• Acceptance: All of these feelings are normal given the situation and I expect to keep feeling a range of emotions. That lets me know that I care and that I want to be on the right side of history. There's so much I can't control: (broken) systems, other people, my upbringing, my skin color, and my privilege to name a few.
  • Action: I'm reaching out to Black friends and colleagues to check on them and offer support. I'm reading, watching, and listening every day, making mistakes and learning as I go. I'm talking to my family and friends about racism. I joined a book club where we are reading about and discussing white privilege. I've committed to the journey becoming an anti-racist.

I was planning to do a sprint triathlon in a few months.

  • Awareness: When I think about how I can’t get in the pool due to closures and safety concerns, how I haven’t been able to run due to some plantar fasciitis, and how the race will likely be canceled, that brings up a few emotions. I’m feeling a little embarrassed about not training, sad about not being able to swim, frustrated about my foot, and a bit of relief about the possibility of not competing.
  • Acceptance: It’s okay for me to feel all of those things. I can’t control that we’re in a global health pandemic, that in-person races are being canceled, that I haven’t been able to get in a pool (and I accept that I don’t feel safe doing so yet), or that my foot hurts.
  • Action: What I can do is take care of myself: Every morning, I do some dynamic stretches, a few yoga poses, use a trigger point ball on my foot, and walk for 45-60 minutes with my son in the stroller. I wear OOFOS around the house and do some additional stretching, foam rolling, and/or icing as needed. I’ll get back to running and swimming when I can. I will race again! 


Here are a few additional considerations when using AAA:


Practice makes progress. Give yourself some space to determine when you feel like it would be helpful to go through these steps, and know that using AAA can take some time and energy. With practice, your ability to engage in awareness, acceptance, and action will get smoother and easier.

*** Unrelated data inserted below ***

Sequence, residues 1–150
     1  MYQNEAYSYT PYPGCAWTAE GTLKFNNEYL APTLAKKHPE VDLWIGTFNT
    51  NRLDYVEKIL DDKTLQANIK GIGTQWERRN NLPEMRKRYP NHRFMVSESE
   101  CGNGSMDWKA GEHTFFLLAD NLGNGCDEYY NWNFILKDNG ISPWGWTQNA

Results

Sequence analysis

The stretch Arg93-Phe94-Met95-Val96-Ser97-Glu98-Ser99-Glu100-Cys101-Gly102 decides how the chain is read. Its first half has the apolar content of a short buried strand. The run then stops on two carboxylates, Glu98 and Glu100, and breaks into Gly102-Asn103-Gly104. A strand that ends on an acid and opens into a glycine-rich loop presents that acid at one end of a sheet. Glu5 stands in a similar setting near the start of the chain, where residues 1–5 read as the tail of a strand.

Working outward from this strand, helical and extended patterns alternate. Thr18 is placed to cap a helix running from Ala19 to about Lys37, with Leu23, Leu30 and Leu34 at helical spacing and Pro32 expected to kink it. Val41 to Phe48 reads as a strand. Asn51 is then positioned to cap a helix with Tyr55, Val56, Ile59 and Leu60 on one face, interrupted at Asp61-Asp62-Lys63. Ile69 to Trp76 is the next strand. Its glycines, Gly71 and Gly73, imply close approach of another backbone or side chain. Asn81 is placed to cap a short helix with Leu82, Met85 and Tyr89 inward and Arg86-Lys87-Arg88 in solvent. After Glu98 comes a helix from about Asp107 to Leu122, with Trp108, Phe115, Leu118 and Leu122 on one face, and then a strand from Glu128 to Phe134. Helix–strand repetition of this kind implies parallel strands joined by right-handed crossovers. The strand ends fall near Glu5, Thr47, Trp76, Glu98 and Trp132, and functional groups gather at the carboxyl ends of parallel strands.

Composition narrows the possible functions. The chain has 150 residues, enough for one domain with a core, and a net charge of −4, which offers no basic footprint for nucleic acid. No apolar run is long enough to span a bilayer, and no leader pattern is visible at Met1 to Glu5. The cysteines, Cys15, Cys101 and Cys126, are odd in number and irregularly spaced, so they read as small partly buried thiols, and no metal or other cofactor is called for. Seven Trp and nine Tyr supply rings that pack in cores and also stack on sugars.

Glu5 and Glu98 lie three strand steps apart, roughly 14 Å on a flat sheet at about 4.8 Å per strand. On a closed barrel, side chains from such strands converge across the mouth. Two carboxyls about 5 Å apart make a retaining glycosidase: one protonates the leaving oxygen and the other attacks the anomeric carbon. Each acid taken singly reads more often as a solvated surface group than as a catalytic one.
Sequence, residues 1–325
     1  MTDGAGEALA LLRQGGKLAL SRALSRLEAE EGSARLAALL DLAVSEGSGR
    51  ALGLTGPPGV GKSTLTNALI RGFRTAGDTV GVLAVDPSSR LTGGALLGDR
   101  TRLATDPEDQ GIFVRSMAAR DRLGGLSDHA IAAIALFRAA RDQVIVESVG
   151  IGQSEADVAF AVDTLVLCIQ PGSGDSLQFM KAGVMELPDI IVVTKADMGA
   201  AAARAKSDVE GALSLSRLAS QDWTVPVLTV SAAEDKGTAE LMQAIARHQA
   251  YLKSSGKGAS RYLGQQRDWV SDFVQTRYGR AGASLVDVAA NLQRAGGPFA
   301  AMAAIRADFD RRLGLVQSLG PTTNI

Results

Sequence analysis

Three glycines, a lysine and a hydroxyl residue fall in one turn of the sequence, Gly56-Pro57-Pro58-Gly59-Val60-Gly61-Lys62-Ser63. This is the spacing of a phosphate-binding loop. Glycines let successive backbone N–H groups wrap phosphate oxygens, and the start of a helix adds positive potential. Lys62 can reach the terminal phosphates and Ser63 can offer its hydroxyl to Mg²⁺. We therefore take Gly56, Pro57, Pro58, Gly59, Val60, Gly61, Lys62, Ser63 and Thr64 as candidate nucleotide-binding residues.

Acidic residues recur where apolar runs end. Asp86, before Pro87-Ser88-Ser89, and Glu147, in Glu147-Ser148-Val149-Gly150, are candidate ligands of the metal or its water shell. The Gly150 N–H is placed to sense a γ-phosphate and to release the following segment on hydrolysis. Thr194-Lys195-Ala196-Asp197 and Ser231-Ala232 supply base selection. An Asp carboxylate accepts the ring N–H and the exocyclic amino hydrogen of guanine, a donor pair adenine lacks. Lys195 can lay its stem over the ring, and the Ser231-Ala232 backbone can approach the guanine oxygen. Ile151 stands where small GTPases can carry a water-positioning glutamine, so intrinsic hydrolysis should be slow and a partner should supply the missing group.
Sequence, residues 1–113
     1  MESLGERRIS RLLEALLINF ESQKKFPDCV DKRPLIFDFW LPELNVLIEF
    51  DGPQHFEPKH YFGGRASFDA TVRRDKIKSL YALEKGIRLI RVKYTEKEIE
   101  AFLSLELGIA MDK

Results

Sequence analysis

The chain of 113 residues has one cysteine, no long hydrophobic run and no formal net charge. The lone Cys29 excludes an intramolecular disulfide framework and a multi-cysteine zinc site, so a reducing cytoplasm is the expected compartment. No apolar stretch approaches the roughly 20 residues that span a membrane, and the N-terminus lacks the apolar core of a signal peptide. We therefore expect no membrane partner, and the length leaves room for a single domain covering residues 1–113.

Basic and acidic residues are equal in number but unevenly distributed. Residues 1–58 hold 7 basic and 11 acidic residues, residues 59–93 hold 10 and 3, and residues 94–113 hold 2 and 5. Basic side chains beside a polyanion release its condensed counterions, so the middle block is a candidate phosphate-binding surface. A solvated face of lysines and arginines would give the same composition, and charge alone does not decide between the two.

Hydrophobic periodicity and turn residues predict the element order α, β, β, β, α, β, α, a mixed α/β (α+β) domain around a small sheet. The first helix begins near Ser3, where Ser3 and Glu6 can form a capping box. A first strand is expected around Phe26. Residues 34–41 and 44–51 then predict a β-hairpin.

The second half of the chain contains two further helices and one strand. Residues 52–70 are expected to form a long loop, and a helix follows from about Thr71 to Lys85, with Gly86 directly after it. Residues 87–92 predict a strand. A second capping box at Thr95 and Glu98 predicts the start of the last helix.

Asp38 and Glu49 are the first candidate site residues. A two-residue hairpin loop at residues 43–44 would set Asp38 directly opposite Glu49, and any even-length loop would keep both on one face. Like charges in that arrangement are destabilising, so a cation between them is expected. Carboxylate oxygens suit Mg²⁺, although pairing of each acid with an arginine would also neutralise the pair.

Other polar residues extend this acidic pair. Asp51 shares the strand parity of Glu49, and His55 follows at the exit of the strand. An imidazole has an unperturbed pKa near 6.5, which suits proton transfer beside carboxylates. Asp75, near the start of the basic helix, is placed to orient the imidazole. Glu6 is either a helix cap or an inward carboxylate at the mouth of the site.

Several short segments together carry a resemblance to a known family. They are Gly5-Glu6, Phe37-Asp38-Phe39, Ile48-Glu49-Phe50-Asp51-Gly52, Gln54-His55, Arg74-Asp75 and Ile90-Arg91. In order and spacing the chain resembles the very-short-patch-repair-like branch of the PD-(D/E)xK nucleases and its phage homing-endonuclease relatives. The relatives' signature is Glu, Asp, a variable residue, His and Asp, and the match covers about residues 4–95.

Build awareness with reflection. Awareness can be challenging. Try reflecting at the end of your day before winding down to sleep. Simple questions are fine to begin with, like: What happened today? What went well? What didn’t go well? How did I feel today? What can I learn from those insights? What do I want to do the same or differently tomorrow? By reflecting on those questions and writing down your answers, you’re more likely to build awareness, understand your current experience, and create your own ideas for action.


Rinse and repeat. After you determine, commit to, and take action, the cycle can continue back to awareness.


Ask for help. If you find that you’re not sure how to fully accept your emotions or situation, or you’re not sure what to do about all of it, know that you’re not alone and that it’s okay to seek help – just like the real AAA can help you with Roadside Assistance. Whether you’d like to work on your mindset or motivation, address any mental health concerns, need support with coming back from an injury, or are struggling to take care of basic needs (i.e., food, water, or shelter), there are people and organizations ready and willing to help with skill building, finding resources, and/or supporting you through treatment plans, all from a safe distance. In particular, if you're looking for resources to learn more about racial justice, check out this list from the Association for Applied Sport Psychology. Please feel free to email us if you need a referral. 


This post was updated on June 10, 2020 to provide additional context and resources.

By Abby Keenan, MS, CMPC


Abby is a mental performance coach located in Dacula, GA. She helps athletes master adversity, improve performance, and achieve their version of success through online mental skills coaching. Interested in learning more? Schedule a free consultation with Abby.